Soon they did get together. A friendship began that was as close as my parents had, other than the Gwins next door in our Sunset Acres years, and the Gilbert family and Mrs. Cahn whom I've written about previously. And my sister Elsa and young Frank III, who joined their mothers on a trip to Holland in 1962, were always close, and still are.
          "Ya'll were like family to us," Ann remembered. "We really didn't know any other Dutch people in town. I was just in seventh heaven when your mother called."
            But there were other Dutch people in town. In fact, two houses over from the Thaxtons in Sunset Acres were Jack and Louisa deBruyne. Louisa -- or Wies, as we called her -- was Ann's older sister; she and Jack had come to Shreveport in 1954.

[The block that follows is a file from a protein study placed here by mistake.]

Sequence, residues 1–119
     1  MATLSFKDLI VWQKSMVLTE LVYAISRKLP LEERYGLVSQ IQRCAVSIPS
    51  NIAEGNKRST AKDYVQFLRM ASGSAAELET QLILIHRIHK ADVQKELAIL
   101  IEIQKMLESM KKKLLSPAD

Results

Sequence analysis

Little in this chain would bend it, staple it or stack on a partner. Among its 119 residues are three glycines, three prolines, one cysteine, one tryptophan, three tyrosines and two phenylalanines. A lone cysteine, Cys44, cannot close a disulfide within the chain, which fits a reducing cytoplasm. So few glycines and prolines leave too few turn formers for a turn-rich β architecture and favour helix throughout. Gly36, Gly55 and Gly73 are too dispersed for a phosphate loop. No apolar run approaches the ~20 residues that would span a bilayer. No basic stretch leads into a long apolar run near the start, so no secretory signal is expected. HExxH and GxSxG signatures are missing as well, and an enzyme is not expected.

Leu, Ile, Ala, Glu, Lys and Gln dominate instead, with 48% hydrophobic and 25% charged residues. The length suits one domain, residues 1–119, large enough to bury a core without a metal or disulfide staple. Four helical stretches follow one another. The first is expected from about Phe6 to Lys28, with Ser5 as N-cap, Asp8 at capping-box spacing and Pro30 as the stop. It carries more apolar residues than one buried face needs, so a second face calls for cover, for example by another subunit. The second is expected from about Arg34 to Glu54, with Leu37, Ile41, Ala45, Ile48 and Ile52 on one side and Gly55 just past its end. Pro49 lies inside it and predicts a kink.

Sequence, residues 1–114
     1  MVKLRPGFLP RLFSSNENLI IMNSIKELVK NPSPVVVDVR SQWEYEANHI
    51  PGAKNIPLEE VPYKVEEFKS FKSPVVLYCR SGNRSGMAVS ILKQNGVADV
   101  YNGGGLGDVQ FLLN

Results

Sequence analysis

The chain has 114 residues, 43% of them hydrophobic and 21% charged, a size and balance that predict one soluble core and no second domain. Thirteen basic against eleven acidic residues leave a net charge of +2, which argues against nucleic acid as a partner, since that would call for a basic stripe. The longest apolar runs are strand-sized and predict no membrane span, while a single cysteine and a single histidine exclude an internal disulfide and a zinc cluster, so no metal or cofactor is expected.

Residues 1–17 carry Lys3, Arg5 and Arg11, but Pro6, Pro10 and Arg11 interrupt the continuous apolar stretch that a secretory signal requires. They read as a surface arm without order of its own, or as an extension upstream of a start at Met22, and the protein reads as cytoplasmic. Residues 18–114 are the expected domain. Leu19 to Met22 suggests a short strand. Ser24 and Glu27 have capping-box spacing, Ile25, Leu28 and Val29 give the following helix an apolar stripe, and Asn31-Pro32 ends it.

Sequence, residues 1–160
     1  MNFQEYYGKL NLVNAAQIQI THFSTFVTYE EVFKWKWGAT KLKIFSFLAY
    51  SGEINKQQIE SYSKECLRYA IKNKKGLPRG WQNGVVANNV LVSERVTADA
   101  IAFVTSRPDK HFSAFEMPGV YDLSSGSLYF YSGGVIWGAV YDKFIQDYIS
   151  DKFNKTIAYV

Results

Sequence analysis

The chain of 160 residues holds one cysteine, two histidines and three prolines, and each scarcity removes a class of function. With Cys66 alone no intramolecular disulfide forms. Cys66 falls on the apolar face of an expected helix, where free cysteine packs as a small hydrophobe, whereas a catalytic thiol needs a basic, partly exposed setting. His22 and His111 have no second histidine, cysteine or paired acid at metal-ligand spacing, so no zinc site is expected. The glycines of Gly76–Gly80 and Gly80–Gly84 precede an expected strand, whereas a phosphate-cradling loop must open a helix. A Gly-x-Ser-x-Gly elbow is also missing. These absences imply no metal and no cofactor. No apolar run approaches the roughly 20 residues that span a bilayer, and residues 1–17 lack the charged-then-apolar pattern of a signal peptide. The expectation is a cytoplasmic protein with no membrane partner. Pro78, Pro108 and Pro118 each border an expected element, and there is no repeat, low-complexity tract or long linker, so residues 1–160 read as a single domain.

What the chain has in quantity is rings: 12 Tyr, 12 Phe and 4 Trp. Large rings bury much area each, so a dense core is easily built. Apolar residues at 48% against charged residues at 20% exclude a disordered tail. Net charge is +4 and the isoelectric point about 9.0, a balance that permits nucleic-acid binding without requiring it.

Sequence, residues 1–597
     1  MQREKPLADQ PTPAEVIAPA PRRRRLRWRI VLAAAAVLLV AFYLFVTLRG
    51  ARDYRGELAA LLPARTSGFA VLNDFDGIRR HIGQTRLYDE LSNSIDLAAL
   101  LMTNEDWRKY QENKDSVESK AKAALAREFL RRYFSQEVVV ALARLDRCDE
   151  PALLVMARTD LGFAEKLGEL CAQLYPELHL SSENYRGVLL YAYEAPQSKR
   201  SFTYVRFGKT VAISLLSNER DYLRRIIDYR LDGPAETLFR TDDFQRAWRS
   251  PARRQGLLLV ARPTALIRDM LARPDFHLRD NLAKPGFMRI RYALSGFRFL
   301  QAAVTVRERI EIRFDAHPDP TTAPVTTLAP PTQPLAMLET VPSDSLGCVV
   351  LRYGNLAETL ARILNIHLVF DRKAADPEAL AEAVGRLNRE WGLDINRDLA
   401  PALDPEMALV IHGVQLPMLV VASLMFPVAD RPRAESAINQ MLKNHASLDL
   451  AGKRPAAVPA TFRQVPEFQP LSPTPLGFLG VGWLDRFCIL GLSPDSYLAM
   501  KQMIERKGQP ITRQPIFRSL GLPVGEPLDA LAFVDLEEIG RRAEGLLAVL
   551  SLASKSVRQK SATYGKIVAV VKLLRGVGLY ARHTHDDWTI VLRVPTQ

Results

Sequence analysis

A year later we moved to Sunset Acres. Have to believe the Thaxtons influenced my parents in picking that neighborhood.
          NEXT: More of the Dutch connection

1 comment:

  1. Ann, Frank and their son Frank are family. I could not have been closer to an aunt, uncle or cousin. Frank II taught me to drive, always laughing about my backing into a garbage can the first time he took me out. Ann always invited me to decorate their Christmas tree and to this day when I see any holiday tree, I remember her telling Frank III and me to place each icicle individually on the tree. Frank III and his partner, Eric have become so close not only to Jim and me in the past few years, but also to our children. We stay with them in New Orleans and and no one could be more gracious.